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Stop Believing That Startups Are All About Raising Money

Man picking up coin from streetMan picking up coin from street

The Entrepreneur Insiders network is an online community where the most thoughtful and influential people in America’s startup scene contribute answers to timely questions about entrepreneurship and careers. Today’s answer to the question, “What are some of the biggest misconceptions about startup life?” is written by Avni Patel Thompson, CEO and founder of Poppy.

“Why aren’t you more excited?”

I looked up from my phone as my brother asked me this simple question. Our first venture capital wire had just been deposited into our account and I was feeling a swirl of emotions.

It had been almost four years since I left a successful corporate career to work in the startup world. I had longer hours and less money, but felt I was finally making the impact I had always wanted to.

When I think back to before I took the leap, I realize I had had one critical misconception regarding startups. Many assume that startups are all about money—who got funded by whom and how much they got. I can’t begin to tell you how misleading that all is. A couple of years into my second startup, I can say with certainty that the money is just a front.

The real crux of startups is what the money buys: time.

I didn’t fully understand this until that first VC money hit our bank account, because it was in that moment that I started hearing the clock ticking. I had been expecting to feel liberated, but instead I felt heaviness. I had bought us time for a price, and it was up to me to ensure we didn’t squander it.

To go a little deeper, here are three more subtle misconceptions that all feed into the widespread belief that startups are all about money:

Funding equals validation

Before joining my first startup, I thought that if I only “got funded,” I would be on my way and receive some kind of market validation and approval. Nothing could be further from the truth. Funding only buys the time to prove the only validation that matters—the validation from your consumers. Viewing your funding in that light, you focus less on the perceived glamor of a certain VC and more on finding the right investors.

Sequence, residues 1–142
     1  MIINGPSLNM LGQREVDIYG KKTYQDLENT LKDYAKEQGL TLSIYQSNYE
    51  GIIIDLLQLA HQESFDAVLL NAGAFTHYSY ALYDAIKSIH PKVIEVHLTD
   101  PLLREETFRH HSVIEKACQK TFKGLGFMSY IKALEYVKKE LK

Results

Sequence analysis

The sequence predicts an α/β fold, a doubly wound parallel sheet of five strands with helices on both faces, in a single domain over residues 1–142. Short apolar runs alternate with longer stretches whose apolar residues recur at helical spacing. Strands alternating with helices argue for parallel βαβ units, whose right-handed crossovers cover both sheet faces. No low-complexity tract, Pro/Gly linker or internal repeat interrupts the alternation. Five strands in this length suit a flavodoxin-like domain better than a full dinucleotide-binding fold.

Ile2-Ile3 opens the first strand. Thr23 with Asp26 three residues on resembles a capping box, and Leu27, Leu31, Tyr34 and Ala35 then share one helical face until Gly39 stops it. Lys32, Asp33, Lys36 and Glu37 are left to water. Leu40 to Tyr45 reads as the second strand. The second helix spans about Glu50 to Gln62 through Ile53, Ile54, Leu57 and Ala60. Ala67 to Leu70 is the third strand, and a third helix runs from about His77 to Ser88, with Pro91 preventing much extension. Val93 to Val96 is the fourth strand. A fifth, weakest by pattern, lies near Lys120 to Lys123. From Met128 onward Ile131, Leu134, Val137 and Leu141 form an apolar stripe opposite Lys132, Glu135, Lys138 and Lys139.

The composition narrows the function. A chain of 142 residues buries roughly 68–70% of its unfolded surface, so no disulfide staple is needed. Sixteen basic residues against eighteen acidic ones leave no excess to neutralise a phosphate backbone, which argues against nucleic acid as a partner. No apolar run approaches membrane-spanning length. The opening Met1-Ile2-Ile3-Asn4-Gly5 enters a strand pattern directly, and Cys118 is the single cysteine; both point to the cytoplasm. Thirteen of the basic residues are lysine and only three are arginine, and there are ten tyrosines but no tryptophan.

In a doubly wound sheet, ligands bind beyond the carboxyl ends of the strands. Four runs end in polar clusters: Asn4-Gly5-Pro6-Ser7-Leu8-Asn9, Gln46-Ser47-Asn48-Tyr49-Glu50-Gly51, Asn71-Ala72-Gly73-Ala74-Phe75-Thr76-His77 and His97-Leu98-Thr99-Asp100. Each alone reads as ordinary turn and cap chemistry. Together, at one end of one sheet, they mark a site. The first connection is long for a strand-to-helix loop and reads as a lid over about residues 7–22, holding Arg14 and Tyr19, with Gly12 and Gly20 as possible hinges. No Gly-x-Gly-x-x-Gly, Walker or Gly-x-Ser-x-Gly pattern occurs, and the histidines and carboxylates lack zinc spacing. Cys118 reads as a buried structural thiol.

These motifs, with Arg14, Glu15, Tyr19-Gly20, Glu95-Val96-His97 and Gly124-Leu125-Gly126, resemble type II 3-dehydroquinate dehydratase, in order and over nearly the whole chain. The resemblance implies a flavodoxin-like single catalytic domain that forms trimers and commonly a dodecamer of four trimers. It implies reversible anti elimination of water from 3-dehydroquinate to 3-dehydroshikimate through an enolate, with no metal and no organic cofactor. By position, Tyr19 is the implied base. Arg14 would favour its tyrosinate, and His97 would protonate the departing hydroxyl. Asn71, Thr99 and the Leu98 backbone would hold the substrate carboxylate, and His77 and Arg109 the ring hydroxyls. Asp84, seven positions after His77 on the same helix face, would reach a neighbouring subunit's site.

It’s all about the big milestones

The boring slog in between funding and press announcements is where the real fun lies. From the outside, it can sometimes seem like startups are a series of exclamation points. That may be true in the earliest days when you’re just getting started. Hitting growth or revenue milestones, hiring your first employee, raving customer feedback—these are all legitimate victories.


But the real rush comes when you realize you’ve secured a couple years of time to do the work necessary to build your company. In this early stage, you’re just trying to learn about all of the important levers of your business. That requires relentless experimentation and regarding nothing as sacred. If you’re growing rapidly with both current and new customers at this point, you’ll know you’re on the right track.

The perks are really important

Don’t celebrate anything that increases your burn rate. I used to look forward to the day when we would have hip offices with gourmet chefs and fancy perks. That was before I realized how much that all cost.

Poppy is zealously frugal. This might sound like an obvious approach, but pinching pennies can be a lot to ask of your team. By the same token, it also means that you have a team with you for exactly the right reasons. So when you hear about other companies celebrating with elaborate parties and events or visit their fancy offices, don’t forget what that comes at the expense of: precious time needed to grow the organization.

Startups can seem like magical, mystical places where there are dramatic highs and lows. And while slivers of that are true, the reality is that startups are where people go to effect change. But the only way to do that is if you first buy time to figure out how all that change is going to come about.